First You Talk

Typically, when I see a headline like this: Opera Memphis Kicks Off Effort to Diversify Audience, I cringe. Not because I don’t believe in diversifying our audiences. I clearly do. However, too often it is done badly and for pretty poor reasons. (See The Self-Centered Pursuit of Diversity) I can’t speak to the company’s motivations or even to much extent about their practices in attempting this. However–stop the presses–if you read the article you discover something quite bizarre.

“[T]he company is seeking input from the community about how to close the racial gap in its audience demographics.”
(Emphasis mine)

I had to read that sentence several times to make sure I had it right. Rather than beginning with a “solution” they had intuited from their own perspective without getting feedback from those they might want to reach, they are attempting to have conversations with them. Indeed, the article goes on to say that “Opera Memphis hopes to spark an ongoing discussion about how best to serve minority communities in Memphis. The organization says that discussion in turn will shape not only future engagement but also the creation of a [program] for singers, directors and coaches of color.”

You don’t (successfully) begin any relationship by assuming 1) that you know what the other party needs/wants and 2) that you can provide it. Relationship building (AKA engagement) begins by listening and learning.

It’s not a given that any community will have large numbers of people (or any) interested in the work your organization presents, especially if you are not willing to consider any alterations to your programming. (See Excellence and Engagement: III) However, you’ll never know if you don’t ask, if you don’t have conversations in which you seek to learn.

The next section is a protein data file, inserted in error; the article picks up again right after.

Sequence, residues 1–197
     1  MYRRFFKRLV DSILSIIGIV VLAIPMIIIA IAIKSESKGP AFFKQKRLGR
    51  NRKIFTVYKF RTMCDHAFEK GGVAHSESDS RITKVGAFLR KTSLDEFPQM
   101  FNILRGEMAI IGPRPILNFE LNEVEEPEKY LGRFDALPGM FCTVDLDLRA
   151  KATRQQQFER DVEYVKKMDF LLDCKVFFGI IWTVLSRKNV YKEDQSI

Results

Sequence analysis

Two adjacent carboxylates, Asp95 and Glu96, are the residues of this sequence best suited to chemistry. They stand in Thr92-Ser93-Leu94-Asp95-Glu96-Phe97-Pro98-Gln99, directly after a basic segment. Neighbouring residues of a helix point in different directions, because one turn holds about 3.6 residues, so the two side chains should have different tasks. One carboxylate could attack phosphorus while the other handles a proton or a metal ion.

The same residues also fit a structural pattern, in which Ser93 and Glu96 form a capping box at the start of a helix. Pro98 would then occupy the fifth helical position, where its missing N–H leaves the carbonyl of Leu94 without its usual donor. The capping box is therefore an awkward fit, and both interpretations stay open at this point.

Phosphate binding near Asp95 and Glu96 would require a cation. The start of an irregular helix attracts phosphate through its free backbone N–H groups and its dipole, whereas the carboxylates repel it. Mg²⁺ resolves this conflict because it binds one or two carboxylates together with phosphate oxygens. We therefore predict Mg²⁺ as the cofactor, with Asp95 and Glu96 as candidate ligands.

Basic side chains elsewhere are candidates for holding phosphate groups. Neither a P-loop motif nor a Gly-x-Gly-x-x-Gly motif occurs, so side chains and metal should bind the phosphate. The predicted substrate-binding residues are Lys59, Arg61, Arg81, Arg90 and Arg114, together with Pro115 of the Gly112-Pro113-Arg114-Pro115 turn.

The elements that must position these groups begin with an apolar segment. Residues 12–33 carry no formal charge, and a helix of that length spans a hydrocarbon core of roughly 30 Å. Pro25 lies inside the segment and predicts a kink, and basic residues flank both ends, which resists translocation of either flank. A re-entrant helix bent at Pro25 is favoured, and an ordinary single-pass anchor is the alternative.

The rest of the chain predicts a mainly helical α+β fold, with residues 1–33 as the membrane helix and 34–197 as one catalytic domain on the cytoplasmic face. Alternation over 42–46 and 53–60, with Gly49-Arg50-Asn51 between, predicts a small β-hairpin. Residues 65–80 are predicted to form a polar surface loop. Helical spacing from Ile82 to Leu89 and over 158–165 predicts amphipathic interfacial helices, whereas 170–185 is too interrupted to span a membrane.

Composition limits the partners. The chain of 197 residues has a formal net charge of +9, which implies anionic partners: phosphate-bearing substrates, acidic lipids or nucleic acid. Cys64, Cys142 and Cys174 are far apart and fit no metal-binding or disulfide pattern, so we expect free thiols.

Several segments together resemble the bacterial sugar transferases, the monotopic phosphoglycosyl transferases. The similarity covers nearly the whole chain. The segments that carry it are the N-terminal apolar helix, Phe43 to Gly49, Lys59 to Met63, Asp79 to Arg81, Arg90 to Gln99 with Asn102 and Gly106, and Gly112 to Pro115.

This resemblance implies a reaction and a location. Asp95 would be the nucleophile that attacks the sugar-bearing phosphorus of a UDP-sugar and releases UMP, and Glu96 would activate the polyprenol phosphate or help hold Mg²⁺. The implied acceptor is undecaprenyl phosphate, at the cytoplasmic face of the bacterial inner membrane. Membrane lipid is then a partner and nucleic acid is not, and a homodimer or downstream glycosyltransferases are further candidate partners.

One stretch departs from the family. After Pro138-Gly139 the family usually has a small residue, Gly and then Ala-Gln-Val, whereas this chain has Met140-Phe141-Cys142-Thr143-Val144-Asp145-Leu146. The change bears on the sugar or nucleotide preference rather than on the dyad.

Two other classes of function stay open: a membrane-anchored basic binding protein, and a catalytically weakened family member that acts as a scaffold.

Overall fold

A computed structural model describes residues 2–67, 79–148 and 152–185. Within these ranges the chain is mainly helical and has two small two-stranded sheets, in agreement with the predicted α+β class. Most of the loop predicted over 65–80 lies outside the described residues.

I have no idea how sincere Opera Memphis is or how successful they will be in this endeavor. But I believe this is the first time I have ever seen a newspaper article about an arts organization focus on the fact that they are beginning to talk to people. Bravo Opera Memphis!



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  2. Hi Doug,

    Ned Canty here. I’m the General Director of Opera Memphis. I can assure you we are sincere in this. In fact, though the article was clear, the headline made me cringe a touch as well. Our goal is not to sell more tickets to a more diverse audience for our existing programming, it is to figure out what it means to be a cultural asset to every part of the city. Our first phase in September taught us a lot, sometime confirming hypotheses and sometimes contradicting them, but always underlining how much more discussion is needed.

    Most of us in the field would likely get behind some variant of the idea that music is a universal language, that a good story can reach everyone. I believe it. But the reality is that a majority of our city would consider opera a “white” art form, and if we don’t understand why that is, we can never figure out how to get past it (assuming that is the goal).

    We believe that if the way we have produced opera for 60 years is not allowing us to serve ALL of our citizens`, then we need to interrogate every basic assumption we have. Like many regional opera companies, we were founded with an “art for arts sake” philosophy, which is not sufficient today. I don’t know where this all will lead us, but I know that asking the questions honestly and humbly, knowing the answers might sting, if the first and most important step.

    Thanks for the bravo. I promise we will do our best to live up to it.